—Inc's “New Business Books You Need to Read in 2020”
"Heartiest congratulations to Peter Diamandis and Steven Kotler on this third volume in the Exponential Mindset Series. It is a brilliant achievement, one that makes an exceptionally important contribution to thought leadership."
—Blogging on Business
"Where The Future Is Faster Than You Think excels, and what makes the book so enjoyable to read, is the infectious excitement that the authors bring to talking about new technologies."
—Inside Higher Ed
About the Author
Steven Kotler is a New York Times bestselling author, award-winning journalist, and the founder and executive director of the Flow Research Collective. His books include Stealing Fire, Bold, The Rise of Superman, Abundance, A Small Furry Prayer, Tomorrowland, West of Jesus, and Last Tango in Cyberspace. His work has been nominated for two Pulitzer Prizes, has been translated into more than forty languages, and has appeared in over a hundred publications, including The New York Times Magazine, The Atlantic, Wired, Forbes, and Time.
- File Size : 2390 KB
- Publisher : Simon & Schuster (January 28, 2020)
- ASIN : B07TD6GPVR
- Publication Date : January 28, 2020
- Word Wise : Enabled
- Print Length : 375 pages
- Enhanced Typesetting : Enabled
- Text-to-Speech : Enabled
- X-Ray : Enabled
- Language: : English
- Lending : Not Enabled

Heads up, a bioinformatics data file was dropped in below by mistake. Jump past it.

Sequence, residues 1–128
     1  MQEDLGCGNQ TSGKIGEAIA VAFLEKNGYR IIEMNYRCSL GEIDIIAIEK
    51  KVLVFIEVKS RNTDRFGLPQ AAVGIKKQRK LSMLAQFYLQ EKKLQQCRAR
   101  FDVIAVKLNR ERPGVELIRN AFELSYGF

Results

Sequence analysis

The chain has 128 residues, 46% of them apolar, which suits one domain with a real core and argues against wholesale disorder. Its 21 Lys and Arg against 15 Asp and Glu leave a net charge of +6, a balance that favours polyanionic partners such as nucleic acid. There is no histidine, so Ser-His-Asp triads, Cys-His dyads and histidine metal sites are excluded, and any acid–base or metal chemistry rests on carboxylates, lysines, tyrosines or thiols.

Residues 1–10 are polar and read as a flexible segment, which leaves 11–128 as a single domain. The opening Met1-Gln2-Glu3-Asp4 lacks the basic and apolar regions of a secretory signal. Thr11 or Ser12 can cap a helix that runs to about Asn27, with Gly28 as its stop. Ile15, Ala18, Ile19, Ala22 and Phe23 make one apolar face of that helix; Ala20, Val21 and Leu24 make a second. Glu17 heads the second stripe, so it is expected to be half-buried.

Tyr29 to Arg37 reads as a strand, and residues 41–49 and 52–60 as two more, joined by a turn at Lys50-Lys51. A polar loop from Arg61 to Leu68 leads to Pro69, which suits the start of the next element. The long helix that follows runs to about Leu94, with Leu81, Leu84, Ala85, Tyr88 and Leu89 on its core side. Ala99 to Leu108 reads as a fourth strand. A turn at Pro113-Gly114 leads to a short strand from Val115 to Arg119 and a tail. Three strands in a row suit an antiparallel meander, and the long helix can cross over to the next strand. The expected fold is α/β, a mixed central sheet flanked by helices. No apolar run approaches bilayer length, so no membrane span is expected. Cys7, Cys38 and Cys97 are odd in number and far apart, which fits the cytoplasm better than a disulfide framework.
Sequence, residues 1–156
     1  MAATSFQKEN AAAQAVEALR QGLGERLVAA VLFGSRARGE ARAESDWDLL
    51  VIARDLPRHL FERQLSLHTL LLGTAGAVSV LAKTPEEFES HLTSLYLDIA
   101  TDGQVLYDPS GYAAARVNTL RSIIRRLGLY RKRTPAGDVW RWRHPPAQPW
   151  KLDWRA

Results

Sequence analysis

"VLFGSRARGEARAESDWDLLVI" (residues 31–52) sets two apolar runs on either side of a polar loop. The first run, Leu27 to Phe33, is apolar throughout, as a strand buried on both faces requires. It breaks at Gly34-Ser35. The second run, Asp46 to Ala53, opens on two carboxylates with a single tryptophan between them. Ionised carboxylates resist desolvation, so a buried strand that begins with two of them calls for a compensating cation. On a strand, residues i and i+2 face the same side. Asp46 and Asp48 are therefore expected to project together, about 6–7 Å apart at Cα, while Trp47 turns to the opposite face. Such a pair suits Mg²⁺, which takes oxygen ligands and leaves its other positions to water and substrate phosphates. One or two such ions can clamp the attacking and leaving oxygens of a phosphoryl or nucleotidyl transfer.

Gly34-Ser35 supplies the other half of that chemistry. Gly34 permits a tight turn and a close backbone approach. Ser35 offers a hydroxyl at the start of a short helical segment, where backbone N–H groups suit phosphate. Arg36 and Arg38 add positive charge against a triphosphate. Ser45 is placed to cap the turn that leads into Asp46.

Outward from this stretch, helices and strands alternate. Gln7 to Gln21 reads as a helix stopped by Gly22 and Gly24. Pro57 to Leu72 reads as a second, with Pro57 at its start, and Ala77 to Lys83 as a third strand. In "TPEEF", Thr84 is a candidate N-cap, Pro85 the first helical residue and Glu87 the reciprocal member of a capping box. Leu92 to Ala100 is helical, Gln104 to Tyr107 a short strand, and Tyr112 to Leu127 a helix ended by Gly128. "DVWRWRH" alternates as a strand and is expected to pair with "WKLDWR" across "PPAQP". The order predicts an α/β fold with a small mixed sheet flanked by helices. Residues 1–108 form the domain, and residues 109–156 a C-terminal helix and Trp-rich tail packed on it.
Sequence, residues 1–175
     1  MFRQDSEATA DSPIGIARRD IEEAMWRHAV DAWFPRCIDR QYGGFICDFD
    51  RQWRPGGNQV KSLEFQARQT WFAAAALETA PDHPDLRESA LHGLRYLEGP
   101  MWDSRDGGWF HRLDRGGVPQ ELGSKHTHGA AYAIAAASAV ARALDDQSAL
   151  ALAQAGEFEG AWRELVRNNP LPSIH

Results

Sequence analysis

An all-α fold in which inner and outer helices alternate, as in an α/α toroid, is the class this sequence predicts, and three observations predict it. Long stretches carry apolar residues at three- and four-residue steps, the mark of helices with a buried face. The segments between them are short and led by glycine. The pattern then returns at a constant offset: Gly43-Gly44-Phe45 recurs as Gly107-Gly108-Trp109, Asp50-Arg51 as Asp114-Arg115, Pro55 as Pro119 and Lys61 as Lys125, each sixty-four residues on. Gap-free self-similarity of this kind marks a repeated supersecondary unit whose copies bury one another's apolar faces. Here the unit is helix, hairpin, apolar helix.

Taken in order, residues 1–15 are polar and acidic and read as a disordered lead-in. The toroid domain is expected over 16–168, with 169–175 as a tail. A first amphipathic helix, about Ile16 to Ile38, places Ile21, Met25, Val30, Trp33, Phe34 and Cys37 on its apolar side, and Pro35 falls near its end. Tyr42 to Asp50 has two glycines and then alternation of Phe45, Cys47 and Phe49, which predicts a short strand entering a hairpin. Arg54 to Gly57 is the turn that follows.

- Best Sellers Rank: #56,907 in Kindle Store (See Top 100 in Kindle Store)
- Customer Reviews:
Top reviews from the United States
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I purchased the book to listen to his missing explanation... only to find that he never really answers his own question. No clear explanation as to why/how the Internet Advertising will actually go bust. Just lots and lots of redundant well-known facts and figures, such as how much Google and Facebook makes out of Advertising. Just so much emphasis on how big and great everything is. But he never really talks about how/why the Internet Ad market will disappear.
He talks more about how wonderful Virtual Reality glasses are (which, BTW are considered failures at the current stage), how the computer-generated "fake" voices can be used to offer better Internet Ad, etc. (Didn't he just claim it would die?) He does, in the end, claims AI will make "all" the purchase decisions for us. But any underlying explanation or connection between this claim/Internet Ad disappearing is sorely lacking. Sure, AI's great & all (I'm in AI) but that doesn't mean we'll all stop caring about Brands or product designs. Because it's not a matter of technological advances, but one of human behavior. These are totally different topics.